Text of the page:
The demands of public relations are becoming ever more complicated. The competition just to enter the field is getting more intense. One cannot even consider an entry-level job in public relations without a college degree.
We use great time-saving and problem-solving machines, yet we realize more dramatically than ever that no machine can replace the human being with his or her endless capacity to think, solve problems, and communicate in a concise, clear, and intelligent fashion.
Public relations specialists must be able to adapt and react to ever-fluid situations. And there is no better training than a good, solidly based liberal arts education.
In order to succeed, all top-notch public relations specialists must have:
- A keen intellect. The ability to grasp a problem and solve it quickly with productive actions. One must be able to decide when to and when not to. When a client is wrong, the professional public relations person must have the courage to say so. In the long run, a "yes man" not only does himself or herself a disservice but also allows the client to follow a harmful course of action.
- Empathy. To understand what goal the client wishes to achieve. One has to be able to read between the lines, since oftentimes a client is unwilling, or unable, to articulate exactly what he or she wants to achieve. Once you get a feel for what the client wants, you must also realize why he or she wants it. Again, the need to be part psychologist is recognized.
- Creativity. The entire public relations package, which the specialist makes up and presents to the client, by definition, is creative. If it were not, why would a corporation or any other customer spend time and money to retain a public relations expert?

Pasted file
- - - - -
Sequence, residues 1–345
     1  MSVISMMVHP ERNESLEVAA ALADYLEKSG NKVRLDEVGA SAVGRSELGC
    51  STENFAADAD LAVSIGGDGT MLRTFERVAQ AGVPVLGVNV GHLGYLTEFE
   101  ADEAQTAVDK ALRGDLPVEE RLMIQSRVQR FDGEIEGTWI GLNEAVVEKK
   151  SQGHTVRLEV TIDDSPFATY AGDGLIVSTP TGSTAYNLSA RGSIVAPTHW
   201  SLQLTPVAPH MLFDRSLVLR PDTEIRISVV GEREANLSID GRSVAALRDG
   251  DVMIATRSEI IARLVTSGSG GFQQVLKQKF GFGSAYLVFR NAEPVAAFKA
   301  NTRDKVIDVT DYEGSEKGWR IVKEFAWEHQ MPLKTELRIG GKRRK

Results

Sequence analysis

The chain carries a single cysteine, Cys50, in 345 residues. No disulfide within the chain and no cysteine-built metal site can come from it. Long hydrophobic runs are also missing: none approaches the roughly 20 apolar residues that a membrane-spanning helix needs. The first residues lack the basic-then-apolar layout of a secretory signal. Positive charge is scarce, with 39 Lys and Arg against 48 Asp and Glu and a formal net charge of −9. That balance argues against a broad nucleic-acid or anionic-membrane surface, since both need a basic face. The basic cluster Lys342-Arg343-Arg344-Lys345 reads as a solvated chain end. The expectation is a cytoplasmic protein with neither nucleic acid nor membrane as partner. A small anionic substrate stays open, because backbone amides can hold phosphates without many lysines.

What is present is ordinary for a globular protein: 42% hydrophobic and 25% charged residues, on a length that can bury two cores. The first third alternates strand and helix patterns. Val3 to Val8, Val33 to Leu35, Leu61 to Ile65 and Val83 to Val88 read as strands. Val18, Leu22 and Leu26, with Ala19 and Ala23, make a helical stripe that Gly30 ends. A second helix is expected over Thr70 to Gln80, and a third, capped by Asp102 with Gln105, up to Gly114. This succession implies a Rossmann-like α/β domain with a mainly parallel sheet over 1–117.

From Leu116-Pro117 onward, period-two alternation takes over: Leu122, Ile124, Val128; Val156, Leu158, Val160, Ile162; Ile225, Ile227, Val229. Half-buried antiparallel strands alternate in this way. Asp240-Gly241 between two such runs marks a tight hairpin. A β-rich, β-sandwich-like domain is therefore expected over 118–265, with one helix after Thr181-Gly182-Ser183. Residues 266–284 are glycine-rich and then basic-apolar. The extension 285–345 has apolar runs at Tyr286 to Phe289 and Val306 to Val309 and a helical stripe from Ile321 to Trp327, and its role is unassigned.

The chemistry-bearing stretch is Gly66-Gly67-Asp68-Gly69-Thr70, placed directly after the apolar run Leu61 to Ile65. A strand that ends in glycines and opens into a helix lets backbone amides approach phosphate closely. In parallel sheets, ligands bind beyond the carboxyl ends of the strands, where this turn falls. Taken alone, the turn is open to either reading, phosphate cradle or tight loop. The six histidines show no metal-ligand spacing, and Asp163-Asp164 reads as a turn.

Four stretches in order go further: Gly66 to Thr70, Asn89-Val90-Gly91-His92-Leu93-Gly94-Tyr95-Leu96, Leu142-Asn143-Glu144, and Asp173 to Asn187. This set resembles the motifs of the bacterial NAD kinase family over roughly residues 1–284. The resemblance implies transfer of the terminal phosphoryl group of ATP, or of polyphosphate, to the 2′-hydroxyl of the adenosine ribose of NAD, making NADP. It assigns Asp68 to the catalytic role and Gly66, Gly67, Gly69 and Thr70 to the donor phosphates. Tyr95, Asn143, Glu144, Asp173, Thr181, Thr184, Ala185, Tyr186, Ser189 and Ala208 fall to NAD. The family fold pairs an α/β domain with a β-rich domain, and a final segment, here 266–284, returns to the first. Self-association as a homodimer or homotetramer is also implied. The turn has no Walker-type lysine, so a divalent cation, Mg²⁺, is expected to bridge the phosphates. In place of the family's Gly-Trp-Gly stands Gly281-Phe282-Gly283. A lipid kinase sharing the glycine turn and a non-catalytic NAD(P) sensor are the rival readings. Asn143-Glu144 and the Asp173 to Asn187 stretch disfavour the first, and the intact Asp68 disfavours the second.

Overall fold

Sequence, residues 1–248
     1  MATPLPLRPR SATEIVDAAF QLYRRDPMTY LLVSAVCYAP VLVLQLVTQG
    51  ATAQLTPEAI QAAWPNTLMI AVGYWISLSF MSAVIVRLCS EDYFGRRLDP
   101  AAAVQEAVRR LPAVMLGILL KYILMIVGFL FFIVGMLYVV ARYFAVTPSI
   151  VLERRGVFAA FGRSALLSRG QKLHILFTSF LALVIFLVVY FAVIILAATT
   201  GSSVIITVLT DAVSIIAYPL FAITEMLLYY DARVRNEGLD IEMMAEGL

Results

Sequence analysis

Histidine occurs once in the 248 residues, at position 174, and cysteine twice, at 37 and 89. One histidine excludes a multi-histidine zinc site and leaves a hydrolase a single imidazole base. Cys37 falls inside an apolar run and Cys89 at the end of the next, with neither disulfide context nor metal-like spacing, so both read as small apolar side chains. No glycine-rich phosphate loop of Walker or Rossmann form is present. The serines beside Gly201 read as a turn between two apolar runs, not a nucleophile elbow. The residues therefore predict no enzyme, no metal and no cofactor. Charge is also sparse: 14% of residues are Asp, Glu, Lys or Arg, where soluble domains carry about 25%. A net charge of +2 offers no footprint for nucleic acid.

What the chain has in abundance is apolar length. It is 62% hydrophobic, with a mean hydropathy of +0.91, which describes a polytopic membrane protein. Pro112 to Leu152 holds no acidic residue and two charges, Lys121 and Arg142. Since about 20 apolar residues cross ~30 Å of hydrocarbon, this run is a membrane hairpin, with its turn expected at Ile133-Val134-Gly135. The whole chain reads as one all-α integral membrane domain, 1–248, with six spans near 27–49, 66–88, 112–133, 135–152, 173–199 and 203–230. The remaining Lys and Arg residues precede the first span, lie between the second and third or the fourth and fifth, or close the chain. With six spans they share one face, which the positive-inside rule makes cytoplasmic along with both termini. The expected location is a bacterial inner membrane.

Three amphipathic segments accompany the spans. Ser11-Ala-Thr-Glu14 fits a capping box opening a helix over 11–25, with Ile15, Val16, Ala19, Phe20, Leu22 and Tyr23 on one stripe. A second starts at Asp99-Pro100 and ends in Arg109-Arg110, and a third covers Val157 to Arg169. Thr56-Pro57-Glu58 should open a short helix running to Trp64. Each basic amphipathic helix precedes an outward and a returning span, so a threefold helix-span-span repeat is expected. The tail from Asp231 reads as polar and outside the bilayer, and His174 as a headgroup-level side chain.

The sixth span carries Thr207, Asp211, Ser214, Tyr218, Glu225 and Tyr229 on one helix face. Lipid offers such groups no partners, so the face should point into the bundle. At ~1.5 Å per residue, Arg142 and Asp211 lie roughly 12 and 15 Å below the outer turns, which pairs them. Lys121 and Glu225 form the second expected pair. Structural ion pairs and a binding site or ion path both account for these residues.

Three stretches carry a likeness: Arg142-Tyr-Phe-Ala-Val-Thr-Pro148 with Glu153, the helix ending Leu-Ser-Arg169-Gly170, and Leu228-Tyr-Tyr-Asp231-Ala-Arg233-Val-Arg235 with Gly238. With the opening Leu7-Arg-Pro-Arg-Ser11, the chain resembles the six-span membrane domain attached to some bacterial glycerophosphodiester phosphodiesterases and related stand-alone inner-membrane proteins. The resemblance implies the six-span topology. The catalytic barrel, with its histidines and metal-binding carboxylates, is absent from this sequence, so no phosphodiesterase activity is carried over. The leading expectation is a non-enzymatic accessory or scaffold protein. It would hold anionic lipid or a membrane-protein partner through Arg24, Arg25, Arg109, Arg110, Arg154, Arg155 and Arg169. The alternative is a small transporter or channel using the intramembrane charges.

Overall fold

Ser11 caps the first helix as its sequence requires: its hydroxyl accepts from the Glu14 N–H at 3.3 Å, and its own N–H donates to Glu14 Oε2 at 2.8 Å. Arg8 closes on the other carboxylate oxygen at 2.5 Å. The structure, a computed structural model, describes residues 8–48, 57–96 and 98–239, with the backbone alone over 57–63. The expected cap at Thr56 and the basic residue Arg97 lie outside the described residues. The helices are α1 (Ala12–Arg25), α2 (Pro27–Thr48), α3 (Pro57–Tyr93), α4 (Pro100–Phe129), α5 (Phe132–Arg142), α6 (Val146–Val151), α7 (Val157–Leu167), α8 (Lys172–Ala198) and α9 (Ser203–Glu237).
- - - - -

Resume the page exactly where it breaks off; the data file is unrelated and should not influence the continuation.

- Perspective. At all times, the public relations expert must keep in mind that he or she has two primary masters. One is the client who must be satisfied with the work that is being done. At the same time, the public relations person must realize that the final arbiter of social change in our society is the court of public opinion. The public can be very fickle and very fast, and one must be able to switch gears and adapt to quickly changing situations in order to succeed in today's world of public relations.
We do not wish to imply that success in public relations requires a liberal arts education. History, literature, and economics majors, for example, all provide excellent backgrounds. A solid foundation in business administration, as well as in attitude and opinion research, is tremendously helpful to anyone who enters the growing and complex field of public relations. But these specific skills, without the general ability to react properly and quickly, would not serve us well.
For any bright man or woman with skills in communication and persuasion and who writes and speaks English correctly, there is no better field than public relations. It is growing and you can grow with it. A summer of exciting work can become an endless career for all seasons.